Entire channels of the Mississippi River are caked dry. Rocks, riverbeds and islands of the St. Croix and Minnesota rivers are visible for the first time in decades. Dozens of streams are at their lowest recorded levels since at least 1988, or even the Dust Bowl.
On Wednesday, the Minnesota Department of Natural Resources (DNR) put much of the state in a "restricted phase" as the drought continues to get worse. That means water utilities and suppliers will need to cut down the total amount of water used to no more than 25% above what they used in January.
Parts of Minnesota have even slipped into the most severe level — "exceptional drought" — for the first time since the U.S. Drought Monitor began ranking droughts by four levels of intensity. The ranking system wasn't around during the Dust Bowl, but meteorologists believe that and the drought of 1988 might be the only time Minnesota has been this dry.
"When you think of a 100-year flood, it's something that you'd expect to happen once in 100 years," said Mike Griesinger, meteorologist for the National Weather Service. "Well, what we're seeing in Minnesota is something that you'd expect to happen just two or maybe three times in a century."
The question now is how long it will last, whether the drought is at its peak or if the dry spell could linger for another year or two. There are no signs that relief is coming, but historically, very few Minnesota droughts have endured much longer than this one has already.
The drought resembles the drought of 1988 in the way it developed, Griesinger said. That drought began forming in fall 1987 before accelerating in the spring and summer. It began to ease in the fall of 1988, but by then the soil was so dry that effects lingered well into 1989. This dry spell, especially in northern Minnesota, also began in the fall before getting steadily worse in the spring and summer, he said.
"Most long droughts for us — aside from the 1930s — start in the fall of one year and continue through to the fall of the following year," he said. "Fall is usually when we have more dependable and more widespread precipitation. So we'll see what happens this year."
The new DNR restrictions apply to about 300 communities within three major watersheds: the Mississippi River Headwaters and the Rainy River and Red River watersheds. That includes Minneapolis and St. Paul, nearly all of central Minnesota and much of northern Minnesota.
It's unclear exactly how each utility will hit the goal to limit water use to no more than 25% above January levels. Some could put in stricter bans on watering lawns or even shutter car washes. The city of St. Paul, for example, has gone from recommending customers only water their lawns on an even/odd schedule to requiring it.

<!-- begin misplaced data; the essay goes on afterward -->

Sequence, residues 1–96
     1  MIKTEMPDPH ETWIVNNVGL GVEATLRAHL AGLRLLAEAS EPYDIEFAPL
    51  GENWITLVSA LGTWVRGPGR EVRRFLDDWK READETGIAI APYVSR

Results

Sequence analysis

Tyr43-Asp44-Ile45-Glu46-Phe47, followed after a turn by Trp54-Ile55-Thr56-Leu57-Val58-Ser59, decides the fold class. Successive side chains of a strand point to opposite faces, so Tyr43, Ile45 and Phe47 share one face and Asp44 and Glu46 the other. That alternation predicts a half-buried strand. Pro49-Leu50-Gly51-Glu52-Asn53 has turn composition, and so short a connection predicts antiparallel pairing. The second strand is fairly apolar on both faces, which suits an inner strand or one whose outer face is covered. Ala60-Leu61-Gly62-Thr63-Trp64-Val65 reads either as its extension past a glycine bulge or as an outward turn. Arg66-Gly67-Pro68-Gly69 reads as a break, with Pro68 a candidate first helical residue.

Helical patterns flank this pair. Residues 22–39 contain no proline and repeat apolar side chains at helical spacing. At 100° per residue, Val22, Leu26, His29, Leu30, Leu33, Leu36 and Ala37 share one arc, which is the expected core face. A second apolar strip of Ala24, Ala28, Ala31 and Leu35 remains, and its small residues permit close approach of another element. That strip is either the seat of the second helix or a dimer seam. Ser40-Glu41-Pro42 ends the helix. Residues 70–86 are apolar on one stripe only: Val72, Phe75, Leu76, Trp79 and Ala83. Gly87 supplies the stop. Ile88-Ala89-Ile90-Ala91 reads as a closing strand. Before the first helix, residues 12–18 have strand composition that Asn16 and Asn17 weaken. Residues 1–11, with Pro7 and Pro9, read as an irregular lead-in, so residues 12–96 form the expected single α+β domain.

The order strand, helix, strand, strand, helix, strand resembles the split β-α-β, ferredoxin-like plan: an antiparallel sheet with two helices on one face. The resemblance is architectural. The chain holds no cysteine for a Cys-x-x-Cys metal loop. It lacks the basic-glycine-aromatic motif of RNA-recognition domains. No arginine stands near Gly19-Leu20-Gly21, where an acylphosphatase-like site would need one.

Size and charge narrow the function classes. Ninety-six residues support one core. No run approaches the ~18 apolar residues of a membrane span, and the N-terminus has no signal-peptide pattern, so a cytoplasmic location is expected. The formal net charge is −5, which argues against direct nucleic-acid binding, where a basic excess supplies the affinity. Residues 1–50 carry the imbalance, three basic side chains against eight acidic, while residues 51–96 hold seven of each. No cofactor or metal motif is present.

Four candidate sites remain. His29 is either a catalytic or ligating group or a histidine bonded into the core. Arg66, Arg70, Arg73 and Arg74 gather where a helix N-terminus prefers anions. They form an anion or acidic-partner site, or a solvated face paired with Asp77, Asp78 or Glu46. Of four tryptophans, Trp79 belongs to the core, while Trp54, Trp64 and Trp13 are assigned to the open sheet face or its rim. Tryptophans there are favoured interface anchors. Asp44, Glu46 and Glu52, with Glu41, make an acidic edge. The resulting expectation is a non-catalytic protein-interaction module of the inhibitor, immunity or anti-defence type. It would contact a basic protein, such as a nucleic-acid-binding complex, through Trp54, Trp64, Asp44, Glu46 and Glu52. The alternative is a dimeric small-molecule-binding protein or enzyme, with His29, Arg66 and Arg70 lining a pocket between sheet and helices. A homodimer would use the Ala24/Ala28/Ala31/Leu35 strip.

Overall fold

The DNR may enact new limits on agricultural irrigation or temporarily suspend more water permits.
It would take up to 9 inches of rain, spread out over a month, to significantly ease the drought, according to the DNR. The state's drought task force will meet Thursday to give updates on the situation.
"The current drought is not as severe as the historic droughts of 1988-89 or the 1930s, but it is intensifying," the DNR said in a statement.
The drought has stressed rivers and streams in nearly every corner of the state.
Mallards and gulls are taking over newly formed islands in some of the state's largest rivers. Great blue herons are stalking desperate fish corralled into smaller and smaller pools for some of the easiest meals the birds will likely find in the wild.
It's hard to say if the drought will help or harm some of the state's larger wildlife such as wolves, moose, deer and black bears, said Dan Stark, large carnivore specialist for the DNR. It all depends on what happens to their food supply, he said.
"It's complex," Stark said. "We know moose are stressed already and that heat and dryness could make it worse, but it could also impact the ticks and diseases that are impacting moose."
Wolves could fare well if the drought starts stressing or weakening deer to the point where they become more vulnerable. One thing that is almost certain is that bear hunters will probably be very successful this fall, Stark said.
As berries, acorns and hazelnuts becomes less available, bears become more bold in going after bait piles set by hunters.
"When summer foods are bad for bears, we tend to have more nuisance complaints," he said. "And when fall foods are bad we tend to see much higher hunting success rates."
About 60% of the state's streams and rivers are flowing at or near record lows, according to the U.S. Geological Survey. The flow of the Vermillion River near Voyageurs National Park was down to a trickle Wednesday, crawling at just 10 cubic feet per second — the lowest level recorded since measurements began in the 1990s, said Eric Wakeman, supervisory hydrologic technician for the Geological Survey.
"Usually it's flowing at about 310 cubic feet per second," he said. "What we're seeing now in some of these areas, especially central Minnesota and in the northeast, are fairly unprecedented."